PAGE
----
Lugaru: The Rabbit’s Foot is nothing if not an aesthetically odd game. It’s strangely anthropomorphic rabbit-like characters come dangerously close to earning this game the nickname “Battle Furries.” Freaky art design aside, Lugaru is a surprisingly intense action game that features a fighting system that is surprisingly deep and remarkably precise. It’s too bad that a few frustrating design choices taint the experience and prevent Lugaru from transcending to a must-buy, indie classic.
As mentioned before, Lugaru is a fighting-focused action game starring a human-shaped, bunny-textured…thing…named Jack as he seeks revenge for the slaughter of his peaceful village. It seems amazingly contrived, but some scenes, particularly when Jack returns to the destroyed village, are oddly poignant. Perhaps we’ve grown weary of feeling bad for humans, but when that village was covered in bunny blood I was sad. Lugaru squanders this opportunity though, and the rest of the game proceeds as a run-of-the-mill revenge story and takes little advantage of the uniqueness of its characters. The promise shown in the first act is gone minutes later.
Story is not the reason you’re going to be playing this game, though. The piece de resistance of Lugaru is the unique and free-flowing combat system. Combat is simple in that there are only a few different moves to master, but also infinitely deep as the true depth comes from timing and skillful execution. There are standard punches and kicks, but the real innovation is in the great counters which easily allow the player to grab an enemies limb during an attack for a quick riposte.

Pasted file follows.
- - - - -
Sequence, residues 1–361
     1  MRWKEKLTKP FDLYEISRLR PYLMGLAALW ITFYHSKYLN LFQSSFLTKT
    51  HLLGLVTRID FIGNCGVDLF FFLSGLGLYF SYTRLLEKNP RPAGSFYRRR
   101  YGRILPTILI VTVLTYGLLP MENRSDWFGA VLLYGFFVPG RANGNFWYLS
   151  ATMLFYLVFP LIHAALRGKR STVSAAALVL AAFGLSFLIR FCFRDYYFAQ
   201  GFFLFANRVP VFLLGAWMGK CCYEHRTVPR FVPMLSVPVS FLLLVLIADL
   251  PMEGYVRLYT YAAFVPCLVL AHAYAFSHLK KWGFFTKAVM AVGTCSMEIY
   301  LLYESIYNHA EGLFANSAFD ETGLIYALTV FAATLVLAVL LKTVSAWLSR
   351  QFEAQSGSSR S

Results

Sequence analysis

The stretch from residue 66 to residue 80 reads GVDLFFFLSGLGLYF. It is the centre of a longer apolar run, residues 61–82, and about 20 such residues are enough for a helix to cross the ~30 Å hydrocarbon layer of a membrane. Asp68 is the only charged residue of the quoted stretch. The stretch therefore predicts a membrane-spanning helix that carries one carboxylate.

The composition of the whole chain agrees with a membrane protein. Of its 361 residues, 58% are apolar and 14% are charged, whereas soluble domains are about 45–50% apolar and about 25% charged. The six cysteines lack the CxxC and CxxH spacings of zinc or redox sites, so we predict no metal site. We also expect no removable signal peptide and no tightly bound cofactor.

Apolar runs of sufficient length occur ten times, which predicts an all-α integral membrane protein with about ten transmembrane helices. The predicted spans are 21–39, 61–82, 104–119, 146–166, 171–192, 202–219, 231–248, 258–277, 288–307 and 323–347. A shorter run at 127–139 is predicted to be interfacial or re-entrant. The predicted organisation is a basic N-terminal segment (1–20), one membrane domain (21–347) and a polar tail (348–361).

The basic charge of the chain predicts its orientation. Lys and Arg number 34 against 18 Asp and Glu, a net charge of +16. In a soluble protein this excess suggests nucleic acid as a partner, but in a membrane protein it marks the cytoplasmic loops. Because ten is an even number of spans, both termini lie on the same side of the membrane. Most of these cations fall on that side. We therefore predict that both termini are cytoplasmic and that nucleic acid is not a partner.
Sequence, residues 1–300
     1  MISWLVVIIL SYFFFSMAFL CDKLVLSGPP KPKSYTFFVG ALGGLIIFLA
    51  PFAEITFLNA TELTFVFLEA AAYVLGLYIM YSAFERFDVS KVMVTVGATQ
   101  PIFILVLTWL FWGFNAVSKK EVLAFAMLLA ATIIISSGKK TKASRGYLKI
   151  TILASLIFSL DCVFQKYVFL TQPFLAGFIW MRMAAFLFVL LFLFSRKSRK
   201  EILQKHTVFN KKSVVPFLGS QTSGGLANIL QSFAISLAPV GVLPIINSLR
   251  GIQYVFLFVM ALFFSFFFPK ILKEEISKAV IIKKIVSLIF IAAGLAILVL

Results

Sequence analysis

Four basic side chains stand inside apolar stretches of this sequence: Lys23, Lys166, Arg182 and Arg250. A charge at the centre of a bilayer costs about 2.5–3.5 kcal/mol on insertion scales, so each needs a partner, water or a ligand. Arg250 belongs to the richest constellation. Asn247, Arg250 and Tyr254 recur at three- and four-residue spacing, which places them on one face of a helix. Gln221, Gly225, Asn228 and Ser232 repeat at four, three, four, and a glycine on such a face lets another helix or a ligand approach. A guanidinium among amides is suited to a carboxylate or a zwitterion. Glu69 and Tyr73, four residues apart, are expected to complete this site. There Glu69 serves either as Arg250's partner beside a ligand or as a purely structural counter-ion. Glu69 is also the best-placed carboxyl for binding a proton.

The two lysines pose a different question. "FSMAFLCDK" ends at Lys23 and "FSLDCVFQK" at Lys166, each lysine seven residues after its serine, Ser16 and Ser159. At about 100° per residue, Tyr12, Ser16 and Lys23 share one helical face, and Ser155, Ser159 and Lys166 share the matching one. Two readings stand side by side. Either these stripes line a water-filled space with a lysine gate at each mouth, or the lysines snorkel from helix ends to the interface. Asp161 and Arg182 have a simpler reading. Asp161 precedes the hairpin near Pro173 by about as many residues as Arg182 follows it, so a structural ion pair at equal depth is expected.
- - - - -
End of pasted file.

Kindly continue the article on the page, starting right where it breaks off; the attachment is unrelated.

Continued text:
In one-on-one situations, the combat works great. It’s a fast-paced game of timing and prediction as you try to figure out when your opponent is going to strike next. When things get more intense, though, the combat doesn’t hold up as well. With two enemies at once, it’s quite difficult to survive, and with three enemies it’s borderline impossible. Maybe that’s the way it should be, realistic, but in a game it’s extremely obnoxious to get 75 percent of the way through a level, picking off enemies one-by-one only to get ransacked by the last three remaining. Because when it happens, it’s all over.
Thus players have to make very sure to be discreet and careful when choosing their battles. Lugaru becomes something of a stealth game when more difficult levels come up (it reminded me a bit of Tenchu) with players quietly circling the level looking for some lone prey to pick off quietly.
To help you stay quiet and take enemies out quickly, Lugaru has a few different weapons which can aid you. The most useful is the knife, which can be used as a slashing weapon, and also as a thrown weapon that can often kill an enemy instantly. Leading to a morosely satisfying conclusion as you walk up to your fallen enemy and pull the knife out of their chest.
When played casually, Lugaru’s faults are easy to overlook, and it’s hard not to enjoy this unique actioner. Any play session that lasts longer than twenty minutes though is likely to end in keyboard smashing frustration as you get slowly pounded to death by multiple enemies.
Lugaru has a solid premise going, but ultimately doesn’t live up to its potential. The combat lacks fine-tuning, and the story is a limp excuse for gameplay, but the framework of a great game is here. Lugaru: The Rabbit’s Foot isn’t quite there, but I will say that I hope we see a Lugaru 2, because I’m eager to see what a few refinements to the system could add.